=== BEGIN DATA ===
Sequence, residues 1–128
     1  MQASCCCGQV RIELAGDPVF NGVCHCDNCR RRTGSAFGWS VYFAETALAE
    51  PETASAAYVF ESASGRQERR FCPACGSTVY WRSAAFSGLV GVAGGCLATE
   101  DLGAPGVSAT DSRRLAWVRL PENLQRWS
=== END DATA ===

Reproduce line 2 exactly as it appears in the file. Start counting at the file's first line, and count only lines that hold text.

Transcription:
     1  MQASCCCGQV RIELAGDPVF NGVCHCDNCR RRTGSAFGWS VYFAETALAE